Riot’s strength was in their downfield cutters, who churned through each cut to give an open option for the handlers. Bailey Zahniser, Sarah Davis, and Dominique Fontenette all had great games; Fontenette, especially, was very effective in the end zone, where she delivered three goals, including a huge layout score for a Riot hold. Despite Revolution’s force middle defense, Riot took chances on the break side hoping to open up all forty yards of space on the field. While the cuts were there, the attempts often resulted in a turfed throw or block by blisteringly fast Revolution defenders.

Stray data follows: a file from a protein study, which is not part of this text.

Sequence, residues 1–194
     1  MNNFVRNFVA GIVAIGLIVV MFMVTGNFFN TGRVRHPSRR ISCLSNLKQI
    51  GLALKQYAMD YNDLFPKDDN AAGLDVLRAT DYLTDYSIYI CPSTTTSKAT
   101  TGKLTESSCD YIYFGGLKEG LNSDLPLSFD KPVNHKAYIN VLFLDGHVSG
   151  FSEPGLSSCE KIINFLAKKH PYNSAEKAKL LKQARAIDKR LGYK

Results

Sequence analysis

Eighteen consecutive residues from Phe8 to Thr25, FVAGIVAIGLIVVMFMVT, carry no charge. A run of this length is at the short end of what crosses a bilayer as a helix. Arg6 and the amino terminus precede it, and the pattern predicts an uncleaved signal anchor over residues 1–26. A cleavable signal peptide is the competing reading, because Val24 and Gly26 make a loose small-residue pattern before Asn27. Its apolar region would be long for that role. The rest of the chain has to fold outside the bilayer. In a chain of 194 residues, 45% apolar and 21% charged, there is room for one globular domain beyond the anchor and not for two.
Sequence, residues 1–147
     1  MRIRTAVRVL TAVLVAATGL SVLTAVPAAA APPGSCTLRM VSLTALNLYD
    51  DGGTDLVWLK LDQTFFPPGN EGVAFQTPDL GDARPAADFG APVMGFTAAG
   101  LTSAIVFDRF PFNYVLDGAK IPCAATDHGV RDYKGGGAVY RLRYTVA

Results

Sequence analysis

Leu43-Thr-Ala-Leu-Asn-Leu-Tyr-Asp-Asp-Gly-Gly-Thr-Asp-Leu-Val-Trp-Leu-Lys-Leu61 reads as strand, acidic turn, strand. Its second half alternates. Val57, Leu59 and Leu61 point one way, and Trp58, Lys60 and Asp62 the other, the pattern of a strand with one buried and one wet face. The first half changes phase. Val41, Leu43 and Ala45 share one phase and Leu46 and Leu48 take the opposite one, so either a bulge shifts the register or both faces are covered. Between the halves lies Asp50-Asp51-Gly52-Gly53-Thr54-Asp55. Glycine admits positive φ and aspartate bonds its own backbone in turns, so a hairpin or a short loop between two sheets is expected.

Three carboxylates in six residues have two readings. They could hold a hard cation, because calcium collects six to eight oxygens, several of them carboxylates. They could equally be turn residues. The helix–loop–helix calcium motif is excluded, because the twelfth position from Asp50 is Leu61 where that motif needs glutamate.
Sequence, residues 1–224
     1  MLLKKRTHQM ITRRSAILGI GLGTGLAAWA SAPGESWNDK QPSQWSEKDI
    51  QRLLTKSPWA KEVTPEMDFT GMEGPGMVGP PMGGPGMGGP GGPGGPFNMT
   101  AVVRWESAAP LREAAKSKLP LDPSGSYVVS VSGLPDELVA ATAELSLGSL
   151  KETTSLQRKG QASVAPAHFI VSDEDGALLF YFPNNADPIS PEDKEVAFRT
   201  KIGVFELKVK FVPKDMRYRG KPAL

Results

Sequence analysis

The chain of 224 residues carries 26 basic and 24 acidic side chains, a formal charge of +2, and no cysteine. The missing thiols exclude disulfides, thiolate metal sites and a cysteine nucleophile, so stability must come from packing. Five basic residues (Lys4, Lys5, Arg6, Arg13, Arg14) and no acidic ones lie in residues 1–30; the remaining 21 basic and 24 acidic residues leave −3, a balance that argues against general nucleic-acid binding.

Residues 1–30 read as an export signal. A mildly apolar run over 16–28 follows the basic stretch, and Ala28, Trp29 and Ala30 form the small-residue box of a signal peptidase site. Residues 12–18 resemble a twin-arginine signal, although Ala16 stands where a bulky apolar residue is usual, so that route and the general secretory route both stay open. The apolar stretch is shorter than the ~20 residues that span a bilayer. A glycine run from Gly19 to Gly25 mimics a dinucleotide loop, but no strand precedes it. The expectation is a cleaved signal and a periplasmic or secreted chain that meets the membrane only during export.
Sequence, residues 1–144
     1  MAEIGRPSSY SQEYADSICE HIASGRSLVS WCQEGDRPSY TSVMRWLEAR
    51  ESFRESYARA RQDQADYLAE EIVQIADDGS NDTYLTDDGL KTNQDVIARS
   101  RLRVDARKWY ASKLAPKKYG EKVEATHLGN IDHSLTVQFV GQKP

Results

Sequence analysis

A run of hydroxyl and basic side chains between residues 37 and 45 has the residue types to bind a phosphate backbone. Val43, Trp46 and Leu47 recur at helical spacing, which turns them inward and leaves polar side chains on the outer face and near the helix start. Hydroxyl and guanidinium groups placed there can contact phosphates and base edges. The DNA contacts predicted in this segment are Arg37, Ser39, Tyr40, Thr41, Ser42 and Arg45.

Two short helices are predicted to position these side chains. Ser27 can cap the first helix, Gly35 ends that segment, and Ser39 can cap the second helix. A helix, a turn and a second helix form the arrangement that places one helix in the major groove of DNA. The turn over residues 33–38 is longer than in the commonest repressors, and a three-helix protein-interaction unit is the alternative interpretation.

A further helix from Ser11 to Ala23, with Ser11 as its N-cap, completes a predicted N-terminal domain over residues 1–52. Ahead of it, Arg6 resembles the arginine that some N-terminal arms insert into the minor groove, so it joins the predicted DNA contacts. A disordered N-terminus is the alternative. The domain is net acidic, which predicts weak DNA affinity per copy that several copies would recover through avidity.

Revolution, featuring many players from Colombia’s silver medalist WUGC team, showed up to the semifinal with intensity, composure, and fundamental skills for their match against Riot. Colombian women are often known for their athleticism more so than their throwing prowess, but this Revolution team delivered above expectations on both fronts. Aside from Cartagena’s dexterity, Valeria Cardenas and Elizabeth Mosquera put on a throwing clinic, displaying an array of angles and shapes on their deep shots to players in isolation from the side stack.

On defense, Revolution was in the pockets of the Riot cutters, forcing them to work in the middle third of the field. Jennifer Ricaurte, Ana Rojas, and Mosquera were stalwarts downfield, totaling eight blocks between the three of them. Mosquera lead the pack with four of her own.